George Mason University launched today, Jan. 10, 2014, the largest and most advanced science and technology prediction market in the world: SciCast. The federally funded research project aims to improve the accuracy of science and technology forecasts.
The idea is that collective wisdom from diverse, informed opinions can provide more accurate predictions than individual forecasters, a notion borne out by other crowdsourcing projects. Simply taking an average is almost always better than going with the “best” expert. But in a two-year test on geopolitical questions, the SciCast method did 40 percent better than the simple average.
SciCast uses the first general “combinatorial” prediction market. In a prediction market, forecasters spend points to adjust the group forecast. Significant changes “cost” more — but “pay” more if they turn out to be right. So better forecasters gain more points and therefore more influence, improving the accuracy of the system.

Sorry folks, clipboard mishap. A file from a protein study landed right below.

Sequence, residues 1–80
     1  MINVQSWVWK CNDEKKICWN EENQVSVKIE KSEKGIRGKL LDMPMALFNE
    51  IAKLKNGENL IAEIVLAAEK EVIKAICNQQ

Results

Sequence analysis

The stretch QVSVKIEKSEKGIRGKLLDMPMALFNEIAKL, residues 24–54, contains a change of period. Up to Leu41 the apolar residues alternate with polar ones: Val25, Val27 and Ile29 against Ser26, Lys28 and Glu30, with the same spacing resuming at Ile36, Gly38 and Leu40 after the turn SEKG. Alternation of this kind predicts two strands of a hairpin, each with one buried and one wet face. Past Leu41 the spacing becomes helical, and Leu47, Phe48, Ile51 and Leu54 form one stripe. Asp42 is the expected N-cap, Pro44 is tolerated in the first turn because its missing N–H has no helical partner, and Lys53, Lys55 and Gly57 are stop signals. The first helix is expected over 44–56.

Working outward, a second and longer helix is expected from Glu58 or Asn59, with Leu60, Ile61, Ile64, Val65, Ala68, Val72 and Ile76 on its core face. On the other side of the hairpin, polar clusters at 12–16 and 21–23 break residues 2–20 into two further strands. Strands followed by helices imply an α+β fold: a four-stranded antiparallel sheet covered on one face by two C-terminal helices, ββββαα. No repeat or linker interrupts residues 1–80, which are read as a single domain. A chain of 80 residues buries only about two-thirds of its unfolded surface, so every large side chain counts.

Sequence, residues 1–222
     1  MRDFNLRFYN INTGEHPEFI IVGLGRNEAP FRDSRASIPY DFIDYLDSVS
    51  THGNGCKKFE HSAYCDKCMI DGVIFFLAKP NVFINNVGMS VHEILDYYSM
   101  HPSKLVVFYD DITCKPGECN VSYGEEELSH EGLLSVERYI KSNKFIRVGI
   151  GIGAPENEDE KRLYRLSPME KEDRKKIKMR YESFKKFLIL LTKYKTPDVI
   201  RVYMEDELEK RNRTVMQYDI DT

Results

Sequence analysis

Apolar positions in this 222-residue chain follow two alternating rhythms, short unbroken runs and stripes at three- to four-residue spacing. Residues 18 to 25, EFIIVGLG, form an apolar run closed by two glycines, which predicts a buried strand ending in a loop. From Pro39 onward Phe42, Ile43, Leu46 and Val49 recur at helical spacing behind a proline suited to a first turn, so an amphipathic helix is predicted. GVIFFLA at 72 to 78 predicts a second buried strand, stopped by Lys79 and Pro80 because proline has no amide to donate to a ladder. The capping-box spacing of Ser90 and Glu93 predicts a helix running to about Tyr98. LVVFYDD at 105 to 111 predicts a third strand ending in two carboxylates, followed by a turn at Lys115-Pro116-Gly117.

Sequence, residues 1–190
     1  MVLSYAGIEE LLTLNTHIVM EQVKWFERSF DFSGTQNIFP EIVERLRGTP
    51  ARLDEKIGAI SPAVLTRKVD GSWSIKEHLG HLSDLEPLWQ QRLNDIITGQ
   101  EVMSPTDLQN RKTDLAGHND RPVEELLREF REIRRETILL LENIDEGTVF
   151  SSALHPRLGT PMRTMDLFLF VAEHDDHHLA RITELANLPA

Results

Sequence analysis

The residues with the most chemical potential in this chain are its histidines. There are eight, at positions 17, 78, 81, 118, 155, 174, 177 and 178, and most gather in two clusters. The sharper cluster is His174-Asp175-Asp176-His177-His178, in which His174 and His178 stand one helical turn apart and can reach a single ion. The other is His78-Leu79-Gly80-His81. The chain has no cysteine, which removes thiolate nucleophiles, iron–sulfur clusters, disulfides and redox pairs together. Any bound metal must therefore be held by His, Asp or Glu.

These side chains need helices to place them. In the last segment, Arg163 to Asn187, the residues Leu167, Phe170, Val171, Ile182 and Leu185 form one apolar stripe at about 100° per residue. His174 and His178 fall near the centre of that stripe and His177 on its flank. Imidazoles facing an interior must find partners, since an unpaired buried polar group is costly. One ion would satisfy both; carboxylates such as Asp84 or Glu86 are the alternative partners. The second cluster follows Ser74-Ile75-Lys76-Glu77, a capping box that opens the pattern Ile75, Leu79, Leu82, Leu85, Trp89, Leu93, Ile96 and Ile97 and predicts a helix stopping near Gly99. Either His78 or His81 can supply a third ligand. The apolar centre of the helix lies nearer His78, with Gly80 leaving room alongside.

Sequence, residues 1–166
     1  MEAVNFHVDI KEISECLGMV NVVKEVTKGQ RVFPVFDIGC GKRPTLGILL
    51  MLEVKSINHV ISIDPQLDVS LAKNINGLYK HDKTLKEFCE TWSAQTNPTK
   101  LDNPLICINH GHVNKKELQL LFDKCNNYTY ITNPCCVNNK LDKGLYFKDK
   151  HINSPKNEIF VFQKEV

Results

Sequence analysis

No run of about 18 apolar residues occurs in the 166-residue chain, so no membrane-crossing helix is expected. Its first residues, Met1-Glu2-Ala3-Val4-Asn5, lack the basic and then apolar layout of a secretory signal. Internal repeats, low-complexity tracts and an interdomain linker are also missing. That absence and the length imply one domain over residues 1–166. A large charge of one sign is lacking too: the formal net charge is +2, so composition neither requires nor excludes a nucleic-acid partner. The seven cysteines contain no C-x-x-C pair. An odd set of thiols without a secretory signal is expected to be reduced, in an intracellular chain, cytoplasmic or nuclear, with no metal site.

In a combinatorial market like SciCast, forecasts can influence each other. For example, forecasters might have linked cherry production to honeybee populations. Then, if forecasters increase the estimated percentage of honeybee colonies lost this winter, SciCast automatically reduces the estimated 2014 cherry production. This connectivity among questions makes SciCast more sophisticated than other prediction markets.
SciCast topics include agriculture, biology and medicine, chemistry, computational sciences, energy, engineered technologies, global change, information systems, mathematics, physics, science and technology business, social sciences, space sciences and transportation.